The Story

Some percentage of deaths by adverse drug reactions are of people with undiagnosed sensitivities. Some percentage of people who suicide don't realize their moods are affected by foods. Studies on prevalence suggest it's 15%.

The federal and Ontario governments have known for several decades that Canadians with undiagnosed environmenal sensitivities are being unnecessarily hurt and killed. They know and have known how to prevent that harm. In some situations (kids, psych patients) they had and have a duty of care.

The US National Academy of Science and many others estimate the prevalence at 15 percent. The central nervous system is usually affected, along with other systems. Where it's a factor, people are not being screened out of the psych population, with horrific but buried consequences, even though Health Canada was advocating checking for sensitivities in ambiguous cases under health ministers Perrin Beatty and Benoit Bouchard. Based on prevalence, children with central nervous system sequelae are being horrifically abused in schools, by inappropriate responses.

The same concerns exist for children in care, and about the family dysfunction that puts them there.

As consumers had warned the Ontario Ministry of Health since 1985, Nicholas Ashford (MIT) and Claudia Miller (UofTexas) warned that harm can be caused if patients with ambiguous symptoms are subjected to inappropriate measures before being checked for sensitivity. They won a Macedo Award from the American Association for World Health for their 1989 report to the New Jersey State Department of Health. It references clinical and scientific literature since 1880.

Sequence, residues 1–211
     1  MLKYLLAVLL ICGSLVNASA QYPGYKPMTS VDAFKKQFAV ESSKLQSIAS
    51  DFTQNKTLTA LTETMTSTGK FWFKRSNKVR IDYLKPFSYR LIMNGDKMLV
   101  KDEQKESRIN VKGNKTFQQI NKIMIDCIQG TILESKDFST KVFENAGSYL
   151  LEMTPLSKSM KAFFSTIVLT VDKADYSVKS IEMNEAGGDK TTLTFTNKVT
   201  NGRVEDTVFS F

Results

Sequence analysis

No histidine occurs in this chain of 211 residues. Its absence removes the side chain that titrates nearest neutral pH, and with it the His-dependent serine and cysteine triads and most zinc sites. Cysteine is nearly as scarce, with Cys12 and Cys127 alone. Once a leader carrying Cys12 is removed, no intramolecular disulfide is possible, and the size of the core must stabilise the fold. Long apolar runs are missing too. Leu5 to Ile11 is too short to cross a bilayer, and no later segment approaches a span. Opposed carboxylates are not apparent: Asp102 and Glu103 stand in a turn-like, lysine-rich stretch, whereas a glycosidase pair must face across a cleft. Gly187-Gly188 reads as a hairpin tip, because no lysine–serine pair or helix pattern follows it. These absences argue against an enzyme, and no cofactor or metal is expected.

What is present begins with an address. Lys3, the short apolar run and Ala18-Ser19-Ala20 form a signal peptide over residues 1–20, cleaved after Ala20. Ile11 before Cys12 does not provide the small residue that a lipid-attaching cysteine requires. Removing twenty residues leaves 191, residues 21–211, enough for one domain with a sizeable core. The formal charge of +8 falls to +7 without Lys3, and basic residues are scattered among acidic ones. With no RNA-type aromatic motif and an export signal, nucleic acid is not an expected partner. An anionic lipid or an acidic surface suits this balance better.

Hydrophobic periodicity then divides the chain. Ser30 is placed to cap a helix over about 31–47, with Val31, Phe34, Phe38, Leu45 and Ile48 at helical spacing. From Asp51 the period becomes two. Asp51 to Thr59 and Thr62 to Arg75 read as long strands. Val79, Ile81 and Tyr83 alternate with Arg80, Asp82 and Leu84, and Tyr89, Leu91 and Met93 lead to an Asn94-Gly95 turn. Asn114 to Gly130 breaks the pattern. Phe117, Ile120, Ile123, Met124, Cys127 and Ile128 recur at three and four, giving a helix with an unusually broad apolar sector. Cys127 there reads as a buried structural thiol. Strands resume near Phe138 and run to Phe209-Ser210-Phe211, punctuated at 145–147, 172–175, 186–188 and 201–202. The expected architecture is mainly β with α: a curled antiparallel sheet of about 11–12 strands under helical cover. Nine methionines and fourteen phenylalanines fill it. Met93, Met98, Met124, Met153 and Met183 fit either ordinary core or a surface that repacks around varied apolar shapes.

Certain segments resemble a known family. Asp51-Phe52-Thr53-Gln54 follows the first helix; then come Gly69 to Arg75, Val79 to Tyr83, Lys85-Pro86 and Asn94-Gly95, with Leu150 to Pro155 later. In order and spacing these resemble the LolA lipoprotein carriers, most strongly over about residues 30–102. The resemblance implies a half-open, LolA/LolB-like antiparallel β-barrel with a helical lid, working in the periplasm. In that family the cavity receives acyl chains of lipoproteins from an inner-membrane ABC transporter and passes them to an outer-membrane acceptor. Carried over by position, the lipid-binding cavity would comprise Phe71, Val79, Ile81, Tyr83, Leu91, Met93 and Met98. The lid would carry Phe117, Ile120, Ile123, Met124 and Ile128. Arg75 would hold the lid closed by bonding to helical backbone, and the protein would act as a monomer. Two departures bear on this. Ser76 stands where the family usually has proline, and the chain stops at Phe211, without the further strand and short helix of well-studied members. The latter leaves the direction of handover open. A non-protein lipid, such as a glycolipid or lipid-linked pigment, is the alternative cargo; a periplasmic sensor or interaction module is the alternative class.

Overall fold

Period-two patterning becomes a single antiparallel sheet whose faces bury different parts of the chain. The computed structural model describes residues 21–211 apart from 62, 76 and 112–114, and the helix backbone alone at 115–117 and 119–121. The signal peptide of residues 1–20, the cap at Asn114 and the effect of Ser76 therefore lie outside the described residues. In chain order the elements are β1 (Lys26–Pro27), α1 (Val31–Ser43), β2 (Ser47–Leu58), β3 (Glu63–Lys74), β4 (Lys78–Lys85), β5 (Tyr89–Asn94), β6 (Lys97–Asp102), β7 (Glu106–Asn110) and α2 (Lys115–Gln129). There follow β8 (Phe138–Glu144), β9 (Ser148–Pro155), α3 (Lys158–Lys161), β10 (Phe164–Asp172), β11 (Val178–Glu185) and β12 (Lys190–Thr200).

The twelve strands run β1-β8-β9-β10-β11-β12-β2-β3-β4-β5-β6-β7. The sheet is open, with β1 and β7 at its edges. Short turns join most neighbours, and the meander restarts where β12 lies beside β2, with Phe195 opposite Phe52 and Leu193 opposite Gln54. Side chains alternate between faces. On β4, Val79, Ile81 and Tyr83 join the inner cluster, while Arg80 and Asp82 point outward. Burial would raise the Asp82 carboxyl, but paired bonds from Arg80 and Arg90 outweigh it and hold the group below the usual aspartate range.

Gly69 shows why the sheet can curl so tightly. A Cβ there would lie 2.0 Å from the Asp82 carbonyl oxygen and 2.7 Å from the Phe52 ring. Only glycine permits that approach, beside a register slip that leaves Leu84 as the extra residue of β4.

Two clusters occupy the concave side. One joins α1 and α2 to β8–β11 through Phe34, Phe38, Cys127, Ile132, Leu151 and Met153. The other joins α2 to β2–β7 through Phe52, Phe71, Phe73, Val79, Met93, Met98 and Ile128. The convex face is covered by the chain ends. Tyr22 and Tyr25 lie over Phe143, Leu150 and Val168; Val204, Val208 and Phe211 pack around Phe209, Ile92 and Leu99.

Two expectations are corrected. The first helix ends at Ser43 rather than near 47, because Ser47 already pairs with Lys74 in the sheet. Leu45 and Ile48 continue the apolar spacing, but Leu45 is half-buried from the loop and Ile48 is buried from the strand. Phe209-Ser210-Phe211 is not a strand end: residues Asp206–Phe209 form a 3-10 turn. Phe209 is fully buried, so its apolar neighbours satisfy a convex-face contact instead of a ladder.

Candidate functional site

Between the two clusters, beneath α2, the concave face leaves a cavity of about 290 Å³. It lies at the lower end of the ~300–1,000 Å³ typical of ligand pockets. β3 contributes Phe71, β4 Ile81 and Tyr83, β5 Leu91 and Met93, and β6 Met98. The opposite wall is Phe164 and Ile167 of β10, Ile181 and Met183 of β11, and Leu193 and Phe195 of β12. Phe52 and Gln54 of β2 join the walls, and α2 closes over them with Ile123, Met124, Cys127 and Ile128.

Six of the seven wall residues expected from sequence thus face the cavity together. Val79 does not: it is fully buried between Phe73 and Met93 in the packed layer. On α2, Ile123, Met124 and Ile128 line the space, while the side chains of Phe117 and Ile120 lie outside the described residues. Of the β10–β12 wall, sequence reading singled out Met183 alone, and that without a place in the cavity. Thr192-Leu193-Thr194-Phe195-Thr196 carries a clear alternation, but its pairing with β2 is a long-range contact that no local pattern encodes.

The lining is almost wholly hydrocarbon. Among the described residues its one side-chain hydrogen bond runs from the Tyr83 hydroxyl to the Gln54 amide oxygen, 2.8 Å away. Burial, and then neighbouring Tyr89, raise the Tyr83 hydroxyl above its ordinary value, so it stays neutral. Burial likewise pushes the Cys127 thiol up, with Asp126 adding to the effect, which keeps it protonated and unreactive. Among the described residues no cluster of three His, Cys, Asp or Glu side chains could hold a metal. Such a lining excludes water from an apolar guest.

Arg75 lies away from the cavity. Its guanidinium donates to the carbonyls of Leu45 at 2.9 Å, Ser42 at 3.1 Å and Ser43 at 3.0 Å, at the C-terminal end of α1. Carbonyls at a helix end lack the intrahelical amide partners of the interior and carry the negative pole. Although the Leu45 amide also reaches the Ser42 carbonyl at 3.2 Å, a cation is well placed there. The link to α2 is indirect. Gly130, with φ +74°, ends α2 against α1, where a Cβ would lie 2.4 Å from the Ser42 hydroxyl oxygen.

Former Health Minister Perrin Beatty supported protections in September and December 1990. The subsequent health minister, Benoit Bouchard, also worked towards the protection of psychiatric patients whose problems are caused or exacerbated by sensitivities. Then opposition MP John Manley was in good company when Manley supported such protections in 1991. For more about Health Canada, check here.

Knowing of this abuse for decades, CMHA is the Red Cross of our 'blood scandal'. They invisiblize us in communities and, based on prevalence, they abuse clients whose problems are caused or exacerbated by sensitivities, some of whom then commit suicide.

Psychiatrists are our 'Christian Brothers', except they do it to our communities and to our minds, with misconceptions and chemicals respectively. Members of the Canadian Psychiatric Association continue to abuse during three decades of protest, and after being approached several times by the federal health department. It's chilling that they responded to humans protesting abuse by referring it to a 'Scientific Committee'! Are we laboratory rats? They justify abuse with an astonishingly presumptuous encroachment on the human rights of their patients.

Again, based on prevalence, perhaps one of Canada's dozen daily suicides is someone whose central nervous system dysfunction is caused or exacerbated by sensitivities, and who may have been ploughed under by inappropriate care.

Chris Brown


Background Notes

All parties have been given an opportunity to respond. Each of the links is a supportive document. Because of the seriousness of the complaint, the supportive documents are very important.

Coverage of this issue is usually fraught with mistakes and omissions. Misconceptions abound, and journalists are not free of them.

Despite education efforts, most people confuse discussion about environmental sensitivities with discussion about the more controversial theories and practices of doctors of environmental medicine. They put forward those flaky physicians as the only ones who support us. They replace our history with a self-aggrandizing revisionist one provided by those physicians. Meanwhile, as you might guess about something that affects 12-15% of the population, medical knowledge dates back centuries.

There are so many mistakes, I made a list of them.  Some are specific to journalism, but all may be important when doing stories.